Grapes (Vitis vinifera) are the world’s largest fruit crop with more than 60 million tons produced annually. About 80% of the total crop is used in wine making [14], and pomace represents approximately 20% of the weight of grapes processed. In Egypt, grapes are considered the second important crop after citrus. The grape growing area is about 152.488 Fadden which produces about 200.000 tons of fruits, in which pomace represents about 10 to 20 thousand tons/year [15]. Grape pomaces (GPs) are characterized by high-phenolic contents because of poor extraction during winemaking, which makes their utilization worthwhile. In recent years, the use of grape seed extracts (GSE) has gained ground as a nutritional supplement in view of its antioxidant activity [16]. The by-products obtained after winery exploitation, either seeds or pomaces, constitute a very cheap source for the extraction of antioxidant flavanones, which can be used as dietary supplements, or the production of phytochemicals, with important medicinal use, in turn providing important economic advantage [17, 18]. Therefore, the current study was designed to evaluate the adverse effects of exposure to Cyp on liver and kidney biomarkers in weanling rats and the ameliorative effect of grape (Vitis vinifera) by-products against cypermethrin induced liver and kidney damage.

2. Materials and Methods

2.1. Chemicals

Cypermethrin (95%) was obtained from Jiangsu Yangnong Chemical Co., Ltd., China. The assay kits used for biochemical measurements of total protein, albumin, urea nitrogen, aspartate aminotransferases (EC 2.6.1.1.), alanine aminotransferases (EC 2.6.1.2), alkaline phosphatase (EC 3.1.3.1), creatinine and gamma-glutamyl transferase (EC 2.3.2.2) in serum were purchased from Bio-Diagnostic Co., Egypt. Kit of total protein was obtained from Stanbio Laboratory, Texas, USA. All other chemicals were of reagent grades and obtained from Sigma-Aldrich and local scientific distributors in Egypt.

2.2. Plant Material and Extraction

Thompson seedless (Vitis vinifera) pomace was obtained from El Kroom Company, Alexandria, Egypt. One kilogram of grape pomace was dried, ground to a fine powder, and soaked in ethanol (80% v/v) at room temperature for 24 h in the dark. After centrifugation at 4500 rpm for 10 min, the residue was reextracted twice with 80% ethanol as described above. The supernatants were pooled together, concentrated in a rotary evaporator, the dry extract yield being 145.15 g of residue, and then stored at −35°C until being used.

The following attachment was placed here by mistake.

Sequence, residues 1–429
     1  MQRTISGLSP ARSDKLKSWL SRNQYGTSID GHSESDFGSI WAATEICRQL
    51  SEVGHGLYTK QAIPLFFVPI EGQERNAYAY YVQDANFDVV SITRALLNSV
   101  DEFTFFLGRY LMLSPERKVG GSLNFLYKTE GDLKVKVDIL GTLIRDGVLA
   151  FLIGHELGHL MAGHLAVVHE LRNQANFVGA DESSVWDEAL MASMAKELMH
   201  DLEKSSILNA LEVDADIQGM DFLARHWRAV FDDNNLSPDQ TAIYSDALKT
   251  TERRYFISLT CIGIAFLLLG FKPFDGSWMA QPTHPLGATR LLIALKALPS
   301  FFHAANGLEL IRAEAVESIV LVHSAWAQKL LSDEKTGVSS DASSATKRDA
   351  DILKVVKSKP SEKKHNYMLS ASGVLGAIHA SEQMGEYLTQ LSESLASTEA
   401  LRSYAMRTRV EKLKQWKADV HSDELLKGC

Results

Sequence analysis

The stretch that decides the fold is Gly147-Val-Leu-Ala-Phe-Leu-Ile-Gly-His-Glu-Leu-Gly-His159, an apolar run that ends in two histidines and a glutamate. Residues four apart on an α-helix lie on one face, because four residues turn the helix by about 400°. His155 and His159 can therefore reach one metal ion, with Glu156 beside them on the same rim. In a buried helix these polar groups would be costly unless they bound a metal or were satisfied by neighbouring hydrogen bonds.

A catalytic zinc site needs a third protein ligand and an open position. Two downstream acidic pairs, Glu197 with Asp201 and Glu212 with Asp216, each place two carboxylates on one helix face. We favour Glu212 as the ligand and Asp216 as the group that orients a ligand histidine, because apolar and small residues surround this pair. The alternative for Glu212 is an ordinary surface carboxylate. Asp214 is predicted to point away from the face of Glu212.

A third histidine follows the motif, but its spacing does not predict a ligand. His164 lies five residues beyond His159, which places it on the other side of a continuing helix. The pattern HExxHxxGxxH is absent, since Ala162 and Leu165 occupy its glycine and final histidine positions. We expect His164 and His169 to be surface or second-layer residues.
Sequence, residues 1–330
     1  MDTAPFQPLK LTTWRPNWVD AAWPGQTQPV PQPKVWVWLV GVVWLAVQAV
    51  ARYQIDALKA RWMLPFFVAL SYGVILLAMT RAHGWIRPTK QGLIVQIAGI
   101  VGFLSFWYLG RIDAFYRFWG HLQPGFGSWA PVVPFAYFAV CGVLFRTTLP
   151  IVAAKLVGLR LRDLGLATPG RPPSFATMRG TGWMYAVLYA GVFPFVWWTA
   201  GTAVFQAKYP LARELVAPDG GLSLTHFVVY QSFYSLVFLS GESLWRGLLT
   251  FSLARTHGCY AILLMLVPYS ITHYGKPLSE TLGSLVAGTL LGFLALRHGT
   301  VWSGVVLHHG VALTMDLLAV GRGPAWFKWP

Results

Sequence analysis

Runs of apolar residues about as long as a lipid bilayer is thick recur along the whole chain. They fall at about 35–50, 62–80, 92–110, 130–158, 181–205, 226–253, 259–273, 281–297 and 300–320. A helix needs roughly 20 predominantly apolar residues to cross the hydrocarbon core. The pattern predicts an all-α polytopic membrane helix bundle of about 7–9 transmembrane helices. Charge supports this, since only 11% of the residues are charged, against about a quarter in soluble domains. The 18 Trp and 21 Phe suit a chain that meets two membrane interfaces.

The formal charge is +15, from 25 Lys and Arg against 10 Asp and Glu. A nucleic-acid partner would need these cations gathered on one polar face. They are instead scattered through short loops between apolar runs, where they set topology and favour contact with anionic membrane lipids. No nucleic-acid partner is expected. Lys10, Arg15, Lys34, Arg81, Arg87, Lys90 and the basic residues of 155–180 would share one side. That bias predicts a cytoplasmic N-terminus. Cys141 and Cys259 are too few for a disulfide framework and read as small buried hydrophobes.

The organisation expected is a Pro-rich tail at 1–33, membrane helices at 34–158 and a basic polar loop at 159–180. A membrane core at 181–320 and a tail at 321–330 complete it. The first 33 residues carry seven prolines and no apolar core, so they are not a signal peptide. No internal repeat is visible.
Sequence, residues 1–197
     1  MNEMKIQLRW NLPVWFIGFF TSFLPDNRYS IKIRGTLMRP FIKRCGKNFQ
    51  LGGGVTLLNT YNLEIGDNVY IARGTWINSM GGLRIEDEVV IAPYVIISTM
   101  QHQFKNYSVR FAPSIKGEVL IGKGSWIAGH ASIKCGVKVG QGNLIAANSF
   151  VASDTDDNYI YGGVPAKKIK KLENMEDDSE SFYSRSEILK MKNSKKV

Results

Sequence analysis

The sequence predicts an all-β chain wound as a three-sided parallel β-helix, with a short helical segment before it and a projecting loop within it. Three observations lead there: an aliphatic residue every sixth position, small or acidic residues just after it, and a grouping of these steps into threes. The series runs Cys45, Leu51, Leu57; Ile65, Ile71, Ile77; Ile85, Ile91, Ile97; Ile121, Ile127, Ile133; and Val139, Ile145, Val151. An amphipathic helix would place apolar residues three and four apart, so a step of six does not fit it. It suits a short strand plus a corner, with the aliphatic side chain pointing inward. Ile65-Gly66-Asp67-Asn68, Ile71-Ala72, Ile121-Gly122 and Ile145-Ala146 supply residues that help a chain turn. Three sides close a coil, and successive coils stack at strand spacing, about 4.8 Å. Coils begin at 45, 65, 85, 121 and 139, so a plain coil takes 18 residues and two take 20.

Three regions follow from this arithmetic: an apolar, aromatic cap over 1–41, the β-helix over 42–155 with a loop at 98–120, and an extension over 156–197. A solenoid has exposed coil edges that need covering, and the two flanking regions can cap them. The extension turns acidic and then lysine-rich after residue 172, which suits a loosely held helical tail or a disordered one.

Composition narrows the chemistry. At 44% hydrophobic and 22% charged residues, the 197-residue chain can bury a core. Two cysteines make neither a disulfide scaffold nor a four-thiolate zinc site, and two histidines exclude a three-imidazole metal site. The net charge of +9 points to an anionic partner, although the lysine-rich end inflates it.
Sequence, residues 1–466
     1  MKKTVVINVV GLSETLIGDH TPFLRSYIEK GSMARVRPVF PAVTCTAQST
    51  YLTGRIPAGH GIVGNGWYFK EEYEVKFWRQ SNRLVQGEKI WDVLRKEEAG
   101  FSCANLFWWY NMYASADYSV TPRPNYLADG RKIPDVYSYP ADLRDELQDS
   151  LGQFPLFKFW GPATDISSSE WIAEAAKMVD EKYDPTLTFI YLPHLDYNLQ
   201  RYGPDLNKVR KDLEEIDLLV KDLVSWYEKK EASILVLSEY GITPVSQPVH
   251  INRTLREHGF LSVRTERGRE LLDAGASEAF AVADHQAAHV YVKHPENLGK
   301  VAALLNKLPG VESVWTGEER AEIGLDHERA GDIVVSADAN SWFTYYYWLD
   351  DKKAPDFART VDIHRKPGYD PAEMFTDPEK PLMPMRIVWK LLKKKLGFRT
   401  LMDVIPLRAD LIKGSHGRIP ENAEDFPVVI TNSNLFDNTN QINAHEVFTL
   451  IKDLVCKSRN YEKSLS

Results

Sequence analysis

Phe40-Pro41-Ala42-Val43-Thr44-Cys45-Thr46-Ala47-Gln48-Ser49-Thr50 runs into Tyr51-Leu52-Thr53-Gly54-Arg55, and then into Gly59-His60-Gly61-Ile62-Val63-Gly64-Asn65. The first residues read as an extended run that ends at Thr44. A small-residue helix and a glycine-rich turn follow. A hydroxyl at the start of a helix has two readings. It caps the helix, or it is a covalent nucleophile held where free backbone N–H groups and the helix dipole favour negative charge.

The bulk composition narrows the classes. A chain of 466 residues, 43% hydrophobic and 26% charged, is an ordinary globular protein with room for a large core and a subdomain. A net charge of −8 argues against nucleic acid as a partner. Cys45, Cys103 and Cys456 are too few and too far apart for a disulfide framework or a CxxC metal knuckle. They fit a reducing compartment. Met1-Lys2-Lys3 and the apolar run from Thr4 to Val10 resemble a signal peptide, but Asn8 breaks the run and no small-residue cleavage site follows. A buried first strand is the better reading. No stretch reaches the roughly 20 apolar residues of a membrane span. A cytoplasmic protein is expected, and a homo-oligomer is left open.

2.3. Animals and Care

Weanling female rats weights  g were obtained from Animal Breeding House of the National Research Centre (NRC), Dokki, Giza, Egypt. Rats were housed in clean plastic cages with free access to food (standard pellet diet) and tap water ad libitum, under standardized housing conditions (12 h light/dark cycle, the temperature of °C, and a minimum relative humidity of 44%) in the laboratory animal room. Animals received humane care, according to the criteria outlined in the “Guide for the Care and Use of Laboratory Animals.”The Local Ethics Committee at the National Research Centre (NRC), Dokki, Giza, Egypt, approved the experimental protocols and procedures.

2.4. Acute Oral Toxicity

The acute oral toxicity was performed according to Economic Cooperation and Development (OECD) 423 guidelines [19]. Five male albino rats () were used in this study. Rats were fasted overnight with free access to drinking water and then given grape pomace extracts at a dose of 2000 mg/kg and were observed for 24 h and daily for 14 days. After 14 days, no mortality or signs of toxicity were observed. So, 200 mg/kg (1/10th of 2000 mg/kg) was selected as the maximum safety dose with descending dose levels with twofold interval, that is, 100 mg/kg and 200 mg/kg b.wt.

2.5. Experimental Design

Female rats were acclimatized for 7 days before treatment and randomly assigned into six groups, seven rats each. Dosages of Cyp and grape pomace extract were freshly prepared and given via oral route for 28 consecutive days. Group I served as control and received corn oil (0.5 mL/rat). Groups II and III received grape pomace extract at doses 100 and 200 mg/kg b.wt., respectively. Group IV was given Cyp at dose 25 mg/kg body weight (1/10 of LD50) in corn oil [20]. Groups V and VI were given the same dose of Cyp (25 mg/kg body weight) and the grape pomace extract at doses of 100 and 200 mg/kg b.wt. was given after thirty minutes to groups V and VI, respectively.

2.6. Blood Samples

The blood samples were collected, left to clot in clean, dry tubes, and centrifuged at 3000 rpm (600 g) for 10 minutes using Heraeus Labofuge 400R, Kendro Laboratory Products GmbH, Germany, to separate sera. The sera were kept in a deep freezer at −20°C until biochemical markers were analyzed within one week.

2.7. Relative Liver and Kidney Weights

The rats were sacrificed by cervical dislocation, and the liver and kidneys were removed and weighed. Then, relative liver and kidney weights were calculated.

2.8. Liver and Kidney Dysfunction Biomarkers

All biochemical measurements were determined in serum according to the details given in the kit’s instructions and performed by using a Shimadzu UV-VIS Recording 2401 PC (Japan). The activities of cellular enzymes such as AST and ALT were determined according to the methods of Reitman and Frankel [21], ALP according to the method of Young et al. [22], and GGT according to the method of Szasz [23], while the concentrations of total protein, albumin, urea nitrogen, and creatinine were determined according to the methods of Lowry et al. [24], Westgard and Poquette [25], Tietz [26], and Tietz et al. [27], respectively.